Organization in a company is important in order to do business smoothly. There are four aspects of organization that must align in order for the company to run:
“Aligning an organization is like preparing for a long sailing trip. First, you need to be clear on whether your destination (the mission and goals) and your route (the strategy) are the right ones. Then you can figure out which boat you need (the structure), how to outfit it (the processes), and which mix of crew members is best (the skill bases). Throughout the journey, you keep an eye out for reefs that are not on the charts.”- Michael D. Watkins
All of these things must align in order for a company to run properly. The direction should be clear and all other elements should back it. The skill sets of workers should make sense for their positions and the organizational units such as marketing and warehouse should all be in communication. The work processes should have a solid way of running and a reward should be issued as motivation to employees and the company as a whole.
In the first 90 days, take the time to see which employees are performing best and which ones would rather be at home in bed.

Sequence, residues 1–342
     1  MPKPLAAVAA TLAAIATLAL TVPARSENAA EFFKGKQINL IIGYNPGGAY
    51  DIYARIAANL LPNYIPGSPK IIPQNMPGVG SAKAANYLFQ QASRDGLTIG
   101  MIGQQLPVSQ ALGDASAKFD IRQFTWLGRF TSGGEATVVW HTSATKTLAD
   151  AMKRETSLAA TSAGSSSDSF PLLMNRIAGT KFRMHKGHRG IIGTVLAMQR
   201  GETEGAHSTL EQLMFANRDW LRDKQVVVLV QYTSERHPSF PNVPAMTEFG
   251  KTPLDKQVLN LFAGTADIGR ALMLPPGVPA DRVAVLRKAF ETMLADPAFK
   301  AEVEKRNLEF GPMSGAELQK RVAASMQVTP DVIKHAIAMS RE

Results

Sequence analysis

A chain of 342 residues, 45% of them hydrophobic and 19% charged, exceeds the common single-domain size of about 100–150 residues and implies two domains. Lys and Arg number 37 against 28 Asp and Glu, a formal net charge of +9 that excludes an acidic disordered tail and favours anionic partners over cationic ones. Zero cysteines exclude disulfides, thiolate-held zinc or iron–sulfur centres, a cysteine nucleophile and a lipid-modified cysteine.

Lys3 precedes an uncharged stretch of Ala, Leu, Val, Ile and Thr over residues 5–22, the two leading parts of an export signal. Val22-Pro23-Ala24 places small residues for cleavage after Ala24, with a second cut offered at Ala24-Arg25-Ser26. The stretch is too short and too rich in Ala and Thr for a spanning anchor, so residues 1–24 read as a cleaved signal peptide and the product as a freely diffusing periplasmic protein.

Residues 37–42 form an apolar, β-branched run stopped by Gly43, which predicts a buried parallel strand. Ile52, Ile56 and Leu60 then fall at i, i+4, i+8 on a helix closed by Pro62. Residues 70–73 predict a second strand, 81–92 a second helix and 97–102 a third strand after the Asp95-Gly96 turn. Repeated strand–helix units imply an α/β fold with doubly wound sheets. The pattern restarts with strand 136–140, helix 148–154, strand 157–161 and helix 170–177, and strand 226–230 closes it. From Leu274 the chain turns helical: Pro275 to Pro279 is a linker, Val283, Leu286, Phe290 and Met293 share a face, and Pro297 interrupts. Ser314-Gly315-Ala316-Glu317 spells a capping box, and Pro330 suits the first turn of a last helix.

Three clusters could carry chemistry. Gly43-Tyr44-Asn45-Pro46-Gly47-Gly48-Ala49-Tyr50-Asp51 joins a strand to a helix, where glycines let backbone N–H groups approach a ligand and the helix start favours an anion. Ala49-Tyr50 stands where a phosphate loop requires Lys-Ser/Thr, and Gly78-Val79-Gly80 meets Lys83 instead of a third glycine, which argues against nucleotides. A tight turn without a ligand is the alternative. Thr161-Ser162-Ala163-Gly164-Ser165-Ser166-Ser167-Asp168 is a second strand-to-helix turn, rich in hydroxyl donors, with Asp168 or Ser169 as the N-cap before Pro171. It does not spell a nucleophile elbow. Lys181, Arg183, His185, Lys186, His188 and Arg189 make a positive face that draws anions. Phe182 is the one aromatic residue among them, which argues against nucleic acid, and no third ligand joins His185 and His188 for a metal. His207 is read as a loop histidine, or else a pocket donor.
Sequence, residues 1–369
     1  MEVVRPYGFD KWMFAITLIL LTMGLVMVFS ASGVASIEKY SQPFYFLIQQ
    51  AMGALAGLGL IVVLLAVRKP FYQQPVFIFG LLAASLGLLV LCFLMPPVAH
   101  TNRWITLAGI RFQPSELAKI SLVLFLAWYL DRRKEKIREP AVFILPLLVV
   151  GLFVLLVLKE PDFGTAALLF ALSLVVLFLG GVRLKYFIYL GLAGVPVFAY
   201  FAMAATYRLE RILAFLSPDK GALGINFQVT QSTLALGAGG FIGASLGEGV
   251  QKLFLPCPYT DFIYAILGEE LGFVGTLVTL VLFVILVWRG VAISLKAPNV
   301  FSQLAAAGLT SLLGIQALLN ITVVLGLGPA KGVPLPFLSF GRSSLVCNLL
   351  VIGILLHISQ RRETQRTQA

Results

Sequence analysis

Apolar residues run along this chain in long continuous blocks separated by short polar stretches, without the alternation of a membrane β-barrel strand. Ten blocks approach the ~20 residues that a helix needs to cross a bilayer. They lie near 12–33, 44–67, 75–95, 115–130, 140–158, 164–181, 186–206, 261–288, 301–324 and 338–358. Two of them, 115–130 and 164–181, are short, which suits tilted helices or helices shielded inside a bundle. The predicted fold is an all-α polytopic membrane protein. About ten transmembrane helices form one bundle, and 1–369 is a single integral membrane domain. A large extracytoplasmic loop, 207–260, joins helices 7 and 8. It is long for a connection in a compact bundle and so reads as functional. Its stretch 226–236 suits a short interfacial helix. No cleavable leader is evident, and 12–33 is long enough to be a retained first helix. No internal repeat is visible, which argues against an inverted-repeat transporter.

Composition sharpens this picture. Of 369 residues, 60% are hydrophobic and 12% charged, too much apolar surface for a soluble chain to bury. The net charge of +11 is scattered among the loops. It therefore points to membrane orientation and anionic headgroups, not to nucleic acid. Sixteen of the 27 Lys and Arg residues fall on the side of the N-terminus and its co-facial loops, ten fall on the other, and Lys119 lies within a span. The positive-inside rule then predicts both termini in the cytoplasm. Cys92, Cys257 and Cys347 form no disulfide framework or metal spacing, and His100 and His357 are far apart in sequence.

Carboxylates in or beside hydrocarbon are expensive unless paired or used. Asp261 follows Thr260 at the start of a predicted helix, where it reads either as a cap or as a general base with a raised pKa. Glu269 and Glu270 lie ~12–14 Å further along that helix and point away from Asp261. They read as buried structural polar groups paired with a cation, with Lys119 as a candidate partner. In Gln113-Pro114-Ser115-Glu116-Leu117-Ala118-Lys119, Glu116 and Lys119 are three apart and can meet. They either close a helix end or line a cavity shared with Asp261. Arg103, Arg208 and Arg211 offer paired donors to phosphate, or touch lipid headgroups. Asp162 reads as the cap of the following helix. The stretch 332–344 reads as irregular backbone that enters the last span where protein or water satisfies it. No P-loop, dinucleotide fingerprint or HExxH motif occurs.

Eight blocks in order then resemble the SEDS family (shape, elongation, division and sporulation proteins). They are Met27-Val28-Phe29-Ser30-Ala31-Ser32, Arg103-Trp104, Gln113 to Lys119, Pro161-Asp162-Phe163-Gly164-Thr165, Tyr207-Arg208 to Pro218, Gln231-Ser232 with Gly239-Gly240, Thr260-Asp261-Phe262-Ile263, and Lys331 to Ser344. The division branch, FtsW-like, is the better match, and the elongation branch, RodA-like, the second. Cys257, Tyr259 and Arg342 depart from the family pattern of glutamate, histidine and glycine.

If a leader thinks that someone is underperforming, it is important to find out why. Are they being underpaid? Or, are they having family troubles?
By identifying the problem, a leader can work to fix it rather than letting go employees who may just be having a tough month.
Once the team is built and full of eager employees, the company is sure to run smoothly.
The first 90 days is a transition period one must master in order to be a successful leader. A great first impression will set you up for success. All you need is the skill for observation, identifying, and building a successful team and flow with kindness and understanding.
Michael D. Watkins is a Canadian author and leading expert on accelerating transitions. He is the author of The First 90 Days: Critical Success Strategies for New Leaders at all Levels and Your Next Move: The Leader's Guide to Successfully Navigating Major Career Transitions. He has worked as a professor at the Kennedy School of Government at Harvard University, the Harvard Business School, and INSEAD in France. He is the Professional of Leadership and Organizational Change at the International Institute for Management Development in Switzerland. He has also written for the Harvard Business Review